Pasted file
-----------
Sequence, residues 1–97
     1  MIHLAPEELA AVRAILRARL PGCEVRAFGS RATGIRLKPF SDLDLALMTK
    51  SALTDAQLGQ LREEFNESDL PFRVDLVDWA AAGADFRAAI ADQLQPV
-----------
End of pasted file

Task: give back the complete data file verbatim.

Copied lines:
Sequence, residues 1–97
     1  MIHLAPEELA AVRAILRARL PGCEVRAFGS RATGIRLKPF SDLDLALMTK
    51  SALTDAQLGQ LREEFNESDL PFRVDLVDWA AAGADFRAAI ADQLQPV